|Publication number||US7743053 B2|
|Application number||US 11/581,942|
|Publication date||Jun 22, 2010|
|Filing date||Oct 17, 2006|
|Priority date||Oct 17, 2006|
|Also published as||US20080091646|
|Publication number||11581942, 581942, US 7743053 B2, US 7743053B2, US-B2-7743053, US7743053 B2, US7743053B2|
|Inventors||Awny K. Al-omari, Tom C. Reyes, Robert Wehrmeister|
|Original Assignee||Hewlett-Packard Development Company, L.P.|
|Export Citation||BiBTeX, EndNote, RefMan|
|Patent Citations (3), Referenced by (2), Classifications (7), Legal Events (4)|
|External Links: USPTO, USPTO Assignment, Espacenet|
Some database applications can generate hundreds or thousands of dynamic SQL statements for which the text and frequency of use are not known in advance. For example, order-takers in a supply chain application can use stock level queries more heavily than stock clerks adding new stock items on some days, but the reverse situation can also occur on other days. Preparing and holding hundreds or thousands of SQL statements in memory introduces problems of latency and over commitment whereby a database system may spend more time swapping unused SQL statements than running useful SQL queries. Failing to prepare SQL statements can be wasteful because it forces a database system to do many redundant computations (i.e., plan recompilations) for high usage queries. Asking SQL application developers to selectively prepare high usage queries may not be possible if the set of frequently used queries is not known in advance and can change rapidly.
Described herein are exemplary system and methods for hybrid database query caching which may be used in conjunction with a computer system. In embodiments, the methods described herein may be embodied as logic instructions on a computer-readable medium. When executed on a processor, the logic instructions cause a general purpose computing device to be programmed as a special-purpose machine that implements the described methods. The processor, when configured by the logic instructions to execute the methods recited herein, constitutes structure for performing the described methods.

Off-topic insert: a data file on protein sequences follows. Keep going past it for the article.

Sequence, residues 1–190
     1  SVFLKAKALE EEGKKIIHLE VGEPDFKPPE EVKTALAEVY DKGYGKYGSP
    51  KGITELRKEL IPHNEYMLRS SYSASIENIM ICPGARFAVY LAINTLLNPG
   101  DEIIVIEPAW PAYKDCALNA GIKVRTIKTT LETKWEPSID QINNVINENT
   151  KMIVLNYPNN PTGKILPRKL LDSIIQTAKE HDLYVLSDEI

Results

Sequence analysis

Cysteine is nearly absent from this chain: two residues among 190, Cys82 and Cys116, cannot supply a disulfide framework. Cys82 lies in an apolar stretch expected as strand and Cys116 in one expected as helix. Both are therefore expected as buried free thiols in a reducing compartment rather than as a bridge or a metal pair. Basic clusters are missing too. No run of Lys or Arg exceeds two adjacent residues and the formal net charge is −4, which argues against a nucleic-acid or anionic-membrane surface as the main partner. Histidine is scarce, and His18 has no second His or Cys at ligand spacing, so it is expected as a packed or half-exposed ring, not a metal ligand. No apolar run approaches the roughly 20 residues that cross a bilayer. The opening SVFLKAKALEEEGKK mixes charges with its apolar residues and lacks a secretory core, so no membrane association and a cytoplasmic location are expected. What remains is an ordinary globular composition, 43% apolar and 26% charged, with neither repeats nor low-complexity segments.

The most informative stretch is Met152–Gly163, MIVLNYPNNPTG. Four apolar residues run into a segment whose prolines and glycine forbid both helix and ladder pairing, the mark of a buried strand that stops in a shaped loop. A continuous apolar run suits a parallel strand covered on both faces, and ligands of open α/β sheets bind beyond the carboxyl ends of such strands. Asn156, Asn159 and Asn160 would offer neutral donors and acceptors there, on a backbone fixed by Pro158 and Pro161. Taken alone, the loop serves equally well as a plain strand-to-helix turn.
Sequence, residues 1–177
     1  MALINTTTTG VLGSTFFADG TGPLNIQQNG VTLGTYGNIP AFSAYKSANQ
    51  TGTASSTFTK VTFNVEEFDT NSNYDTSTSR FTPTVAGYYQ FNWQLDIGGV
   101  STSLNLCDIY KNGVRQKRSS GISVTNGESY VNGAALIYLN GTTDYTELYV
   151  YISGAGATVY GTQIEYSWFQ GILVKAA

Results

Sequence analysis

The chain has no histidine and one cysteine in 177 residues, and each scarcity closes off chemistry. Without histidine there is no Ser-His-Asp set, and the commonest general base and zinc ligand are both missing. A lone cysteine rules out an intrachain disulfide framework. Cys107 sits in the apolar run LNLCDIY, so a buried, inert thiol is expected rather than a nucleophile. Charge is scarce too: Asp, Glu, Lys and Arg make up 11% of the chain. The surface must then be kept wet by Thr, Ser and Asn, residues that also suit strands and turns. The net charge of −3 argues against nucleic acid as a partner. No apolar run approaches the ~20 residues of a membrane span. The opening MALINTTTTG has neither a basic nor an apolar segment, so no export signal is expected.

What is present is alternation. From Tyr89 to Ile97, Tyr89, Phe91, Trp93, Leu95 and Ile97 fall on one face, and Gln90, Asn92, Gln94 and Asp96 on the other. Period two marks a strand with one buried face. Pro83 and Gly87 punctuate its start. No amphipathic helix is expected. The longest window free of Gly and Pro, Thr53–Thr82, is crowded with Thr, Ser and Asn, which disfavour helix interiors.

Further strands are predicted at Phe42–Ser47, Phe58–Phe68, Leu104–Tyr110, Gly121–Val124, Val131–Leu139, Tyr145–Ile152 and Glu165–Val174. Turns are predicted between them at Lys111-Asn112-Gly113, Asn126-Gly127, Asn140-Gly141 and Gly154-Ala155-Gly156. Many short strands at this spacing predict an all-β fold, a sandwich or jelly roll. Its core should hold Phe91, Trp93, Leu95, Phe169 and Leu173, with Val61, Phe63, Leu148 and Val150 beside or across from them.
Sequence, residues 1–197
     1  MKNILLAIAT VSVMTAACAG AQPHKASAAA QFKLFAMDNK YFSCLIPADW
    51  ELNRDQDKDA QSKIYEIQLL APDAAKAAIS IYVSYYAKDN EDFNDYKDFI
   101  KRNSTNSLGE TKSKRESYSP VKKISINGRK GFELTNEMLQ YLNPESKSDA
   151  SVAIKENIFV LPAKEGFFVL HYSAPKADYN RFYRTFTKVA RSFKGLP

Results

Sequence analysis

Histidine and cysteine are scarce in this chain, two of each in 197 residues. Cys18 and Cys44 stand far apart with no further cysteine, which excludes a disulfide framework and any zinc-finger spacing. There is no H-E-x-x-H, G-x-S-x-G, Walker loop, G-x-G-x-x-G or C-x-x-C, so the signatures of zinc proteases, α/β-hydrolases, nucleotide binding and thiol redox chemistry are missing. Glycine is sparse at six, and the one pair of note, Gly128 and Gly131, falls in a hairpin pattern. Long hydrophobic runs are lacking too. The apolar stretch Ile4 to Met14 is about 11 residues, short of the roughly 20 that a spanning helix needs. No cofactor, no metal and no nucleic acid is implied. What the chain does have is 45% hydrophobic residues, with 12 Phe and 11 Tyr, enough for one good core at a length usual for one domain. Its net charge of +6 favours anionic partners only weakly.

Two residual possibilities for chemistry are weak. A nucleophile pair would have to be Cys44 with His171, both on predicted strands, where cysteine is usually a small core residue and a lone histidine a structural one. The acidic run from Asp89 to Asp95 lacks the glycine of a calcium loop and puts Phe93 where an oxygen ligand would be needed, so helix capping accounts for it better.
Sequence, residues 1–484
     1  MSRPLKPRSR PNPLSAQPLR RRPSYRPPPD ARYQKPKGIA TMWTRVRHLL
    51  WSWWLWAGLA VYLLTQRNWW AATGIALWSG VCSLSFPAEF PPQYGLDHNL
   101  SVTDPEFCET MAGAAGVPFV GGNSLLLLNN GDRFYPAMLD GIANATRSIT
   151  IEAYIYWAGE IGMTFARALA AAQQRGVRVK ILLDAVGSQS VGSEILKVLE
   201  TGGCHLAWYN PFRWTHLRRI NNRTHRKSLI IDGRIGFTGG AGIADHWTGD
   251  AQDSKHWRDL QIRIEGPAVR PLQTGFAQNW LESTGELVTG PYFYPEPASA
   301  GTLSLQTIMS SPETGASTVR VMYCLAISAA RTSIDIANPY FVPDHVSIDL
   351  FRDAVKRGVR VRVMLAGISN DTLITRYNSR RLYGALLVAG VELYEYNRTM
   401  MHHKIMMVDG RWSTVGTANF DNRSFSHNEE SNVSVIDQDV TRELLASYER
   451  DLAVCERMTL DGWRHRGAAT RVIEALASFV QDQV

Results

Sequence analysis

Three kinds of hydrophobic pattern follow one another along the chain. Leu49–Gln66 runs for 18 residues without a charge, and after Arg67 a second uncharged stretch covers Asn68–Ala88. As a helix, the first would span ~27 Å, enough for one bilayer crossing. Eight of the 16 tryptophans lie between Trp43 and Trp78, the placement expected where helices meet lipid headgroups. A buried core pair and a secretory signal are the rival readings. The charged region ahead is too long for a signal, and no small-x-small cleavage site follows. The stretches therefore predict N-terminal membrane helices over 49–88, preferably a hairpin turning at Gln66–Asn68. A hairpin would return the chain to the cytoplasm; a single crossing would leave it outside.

Memory 130 includes an operating system 140 for managing operations of computer 108. In one embodiment, operating system 140 includes a hardware interface module 154 that provides an interface to system hardware 120. In addition, operating system 140 includes one or more file systems 150 that manage files used in the operation of computer 108 and a process control subsystem 152 that manages processes executing on computer 108. Operating system 140 further includes a system call interface module 142 that provides an interface between the operating system 140 and one or more application modules 162.
In operation, one or more application modules and/or libraries executing on computer 108 make calls to the system call interface module 142 to execute one or more commands on the computer's processor. The system call interface module 142 invokes the services of the file system(s) 150 to manage the files required by the command(s) and the process control subsystem 152 to manage the process required by the command(s). The file system(s) 150 and the process control subsystem 152, in turn, invoke the services of the hardware interface module 154 to interface with the system hardware 120.
The particular embodiment of operating system 140 is not critical to the subject matter described herein. Operating system 140 may be embodied as a UNIX operating system or any derivative thereof (e.g., Linux, Solaris, etc.) or as a Windows® brand operating system.